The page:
RECOVERY OF THE CLOISTERS OF
ST. PETER

INTERVENTION OF THE DISUSED BENEDICTINE MONASTERY IN THE HEART OF REGGIO EMILIA

architects: ANDREA ZAMBONI - MAURIZIO ZAMBONI
firm: ZAMBONI ASSOCIATI ARCHITETTURA

Abstract:

The project concerns the recovery of the Cloisters of St. Peter’s, a disused Benedictine monastery in the heart of Reggio Emilia, with the objective of creating a cultural-innovative centre there, strengthening the natural and strategic vocation of the complex. The project involved three closely related interventions in a single operation: the restoration of the monumental body, the addition of the Urban Open Laboratories, and the recovery of the courtyard areas connected to the monastery as public spaces returned to the city.

PREVIOUS SITUATION

An obsolete reading of our cities contrasts historic centres, a place of preservation, with the suburbs, a place of more arbitrary building replacement. It rarely happens to be possible to realise a project that contemplates central city locations.

The complexity of conservation intervention together with the challenge of building replacement, urban regeneration and the rediscovery of public spaces. The project involved the rebirth of the most important monumental complex in the historic centre of Reggio Emilia, a disused military area and as such long inaccessible in the heart of the city. The financing derives from the Por- Fesr Emilia-Romagna 2014-2020 programme Axis 6 “Attractive and participated cities” with the objective of triggering development processes of territorial vocations, creating new employment and inclusion opportunities starting from the recovery and enhancement of the cultural heritage.

WORK CARRIED OUT

The challenge was grafted onto the particularity of the complex, a disused monastery and, as such, for centuries a place circumscribed within its cloisters, with the aim, on the contrary, of returning it to the city. The project involved three closely related interventions in a unified and conceptually coherent manner, reinforcing the natural vocation of the Benedictine monastery for the creation of a cultural-innovative pole of international relevance. The first involved the restoration of the Renaissance monumental body, partly attributed to Giulio Romano, as a cultural venue of excellence. The second involved the addition on the site of the demolished minor bodies dating back to the military occupation, of the new building destined for the innovation of the Urban Open Laboratories, defining the completion to the north of the complex and in continuity with the adjacent old Stables, also restored as an integral part of the Laboratories.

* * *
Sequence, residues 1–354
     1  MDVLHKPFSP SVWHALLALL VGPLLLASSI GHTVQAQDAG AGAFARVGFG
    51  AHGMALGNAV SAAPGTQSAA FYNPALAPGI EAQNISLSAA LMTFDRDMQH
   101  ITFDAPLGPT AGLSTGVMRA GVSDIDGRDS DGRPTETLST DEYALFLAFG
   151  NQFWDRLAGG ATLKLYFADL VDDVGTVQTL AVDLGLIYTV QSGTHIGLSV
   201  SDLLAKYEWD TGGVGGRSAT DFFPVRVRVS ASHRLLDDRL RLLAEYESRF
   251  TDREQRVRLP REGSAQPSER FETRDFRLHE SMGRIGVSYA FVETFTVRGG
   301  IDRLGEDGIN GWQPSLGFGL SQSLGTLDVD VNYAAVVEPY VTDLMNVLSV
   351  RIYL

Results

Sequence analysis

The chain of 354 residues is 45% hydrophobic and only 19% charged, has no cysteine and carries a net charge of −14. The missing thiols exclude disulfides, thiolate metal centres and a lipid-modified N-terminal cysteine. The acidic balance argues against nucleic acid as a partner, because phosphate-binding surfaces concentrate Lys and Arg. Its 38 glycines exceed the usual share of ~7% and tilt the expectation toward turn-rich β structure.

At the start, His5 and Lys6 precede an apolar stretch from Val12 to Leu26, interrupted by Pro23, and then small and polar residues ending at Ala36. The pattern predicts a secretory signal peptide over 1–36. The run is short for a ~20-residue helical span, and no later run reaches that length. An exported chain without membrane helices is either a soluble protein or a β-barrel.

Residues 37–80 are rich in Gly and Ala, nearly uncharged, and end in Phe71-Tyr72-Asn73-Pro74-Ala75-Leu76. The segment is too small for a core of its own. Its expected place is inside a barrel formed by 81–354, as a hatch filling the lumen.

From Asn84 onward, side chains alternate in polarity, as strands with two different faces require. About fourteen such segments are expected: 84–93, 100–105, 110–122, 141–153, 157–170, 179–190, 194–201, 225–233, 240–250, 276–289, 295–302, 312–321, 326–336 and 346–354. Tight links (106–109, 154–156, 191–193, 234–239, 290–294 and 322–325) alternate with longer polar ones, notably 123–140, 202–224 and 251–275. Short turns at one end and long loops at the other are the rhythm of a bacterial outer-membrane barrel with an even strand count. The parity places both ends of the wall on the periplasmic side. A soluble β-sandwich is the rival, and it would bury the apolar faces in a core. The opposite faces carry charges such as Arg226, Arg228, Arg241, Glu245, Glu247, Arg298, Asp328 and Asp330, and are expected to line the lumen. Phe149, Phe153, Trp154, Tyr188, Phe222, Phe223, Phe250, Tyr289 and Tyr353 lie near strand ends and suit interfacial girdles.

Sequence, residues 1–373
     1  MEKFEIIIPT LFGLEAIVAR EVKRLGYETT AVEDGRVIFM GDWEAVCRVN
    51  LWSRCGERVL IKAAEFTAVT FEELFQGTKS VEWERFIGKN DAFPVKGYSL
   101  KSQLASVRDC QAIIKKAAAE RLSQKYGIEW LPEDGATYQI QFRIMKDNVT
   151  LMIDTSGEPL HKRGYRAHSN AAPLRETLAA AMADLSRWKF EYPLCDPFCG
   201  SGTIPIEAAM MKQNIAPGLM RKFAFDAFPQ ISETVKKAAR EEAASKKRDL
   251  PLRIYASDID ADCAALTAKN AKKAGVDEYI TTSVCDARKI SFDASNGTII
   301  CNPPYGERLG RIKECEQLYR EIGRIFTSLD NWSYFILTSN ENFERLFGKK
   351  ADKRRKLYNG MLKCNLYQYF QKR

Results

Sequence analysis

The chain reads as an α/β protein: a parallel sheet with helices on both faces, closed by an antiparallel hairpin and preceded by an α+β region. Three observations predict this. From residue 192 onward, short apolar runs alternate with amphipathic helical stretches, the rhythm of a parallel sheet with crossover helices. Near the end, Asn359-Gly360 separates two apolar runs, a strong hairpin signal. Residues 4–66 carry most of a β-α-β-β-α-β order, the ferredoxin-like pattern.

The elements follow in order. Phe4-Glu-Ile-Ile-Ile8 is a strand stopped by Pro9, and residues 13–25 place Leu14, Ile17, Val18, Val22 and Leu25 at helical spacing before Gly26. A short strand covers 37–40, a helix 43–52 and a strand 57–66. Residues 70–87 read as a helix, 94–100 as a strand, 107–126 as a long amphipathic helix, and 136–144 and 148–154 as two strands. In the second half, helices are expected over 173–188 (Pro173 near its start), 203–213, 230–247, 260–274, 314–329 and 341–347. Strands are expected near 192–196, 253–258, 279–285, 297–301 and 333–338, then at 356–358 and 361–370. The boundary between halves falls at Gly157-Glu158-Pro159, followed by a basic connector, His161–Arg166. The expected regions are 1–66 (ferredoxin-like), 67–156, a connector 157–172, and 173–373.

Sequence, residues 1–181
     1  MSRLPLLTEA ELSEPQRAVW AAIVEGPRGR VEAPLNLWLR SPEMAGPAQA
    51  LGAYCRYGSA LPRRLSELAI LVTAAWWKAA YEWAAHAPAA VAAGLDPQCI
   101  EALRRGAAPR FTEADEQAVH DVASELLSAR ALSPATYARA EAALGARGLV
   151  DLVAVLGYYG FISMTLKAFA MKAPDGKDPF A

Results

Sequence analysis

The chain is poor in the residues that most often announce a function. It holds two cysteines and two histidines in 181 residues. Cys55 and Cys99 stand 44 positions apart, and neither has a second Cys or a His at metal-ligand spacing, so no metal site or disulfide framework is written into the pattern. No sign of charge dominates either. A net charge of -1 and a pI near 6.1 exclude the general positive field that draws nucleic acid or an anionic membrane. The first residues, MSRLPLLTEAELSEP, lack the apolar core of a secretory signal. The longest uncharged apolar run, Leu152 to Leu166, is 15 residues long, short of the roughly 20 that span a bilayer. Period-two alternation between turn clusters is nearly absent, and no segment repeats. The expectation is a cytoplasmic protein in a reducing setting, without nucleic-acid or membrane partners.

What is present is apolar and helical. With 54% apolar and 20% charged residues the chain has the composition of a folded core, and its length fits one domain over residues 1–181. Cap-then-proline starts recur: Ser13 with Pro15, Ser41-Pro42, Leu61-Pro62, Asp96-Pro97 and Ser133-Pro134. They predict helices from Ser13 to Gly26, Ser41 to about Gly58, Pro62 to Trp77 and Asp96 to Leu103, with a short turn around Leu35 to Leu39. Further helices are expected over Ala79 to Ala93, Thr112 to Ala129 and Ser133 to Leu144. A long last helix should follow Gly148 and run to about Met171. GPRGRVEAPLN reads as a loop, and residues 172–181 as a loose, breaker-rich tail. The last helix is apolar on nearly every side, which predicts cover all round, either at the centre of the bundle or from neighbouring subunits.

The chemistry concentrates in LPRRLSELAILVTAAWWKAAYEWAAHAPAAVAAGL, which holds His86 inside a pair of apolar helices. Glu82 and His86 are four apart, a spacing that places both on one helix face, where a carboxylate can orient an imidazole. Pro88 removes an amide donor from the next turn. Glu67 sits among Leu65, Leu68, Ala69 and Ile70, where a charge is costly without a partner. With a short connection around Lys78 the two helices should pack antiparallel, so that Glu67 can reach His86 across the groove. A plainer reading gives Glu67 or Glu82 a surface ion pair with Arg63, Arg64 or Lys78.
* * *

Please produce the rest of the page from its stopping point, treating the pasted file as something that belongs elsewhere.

THE END RESULT

The third intervention concerned the redevelopment of the courtyard areas formerly connected to the monastery, as public and relational spaces returned to the city, also rediscovering their role as urban crossroads. The valorisation of the unfinished, interpreting what Giulio Romano was unable to complete in the Chiostro Grande – the heart of the complex – has become the methodological criterion and conceptual filter of every choice concerning the entire complex. In search of a balanced relationship between the ancient and the contemporary, between rediscovering spaces and installing new compatible uses, in the articulation of the three interventions the project combines the multiple factors of regeneration – economic, environmental, cultural and social – taking up, in the choice of new functions, the Benedictine matrix capable of combining conservation with innovation. Winner of numerous awards, just a few years after its reopening the complex is now an extremely dynamic place, the driving force behind numerous initiatives that have made it an essential part of the city.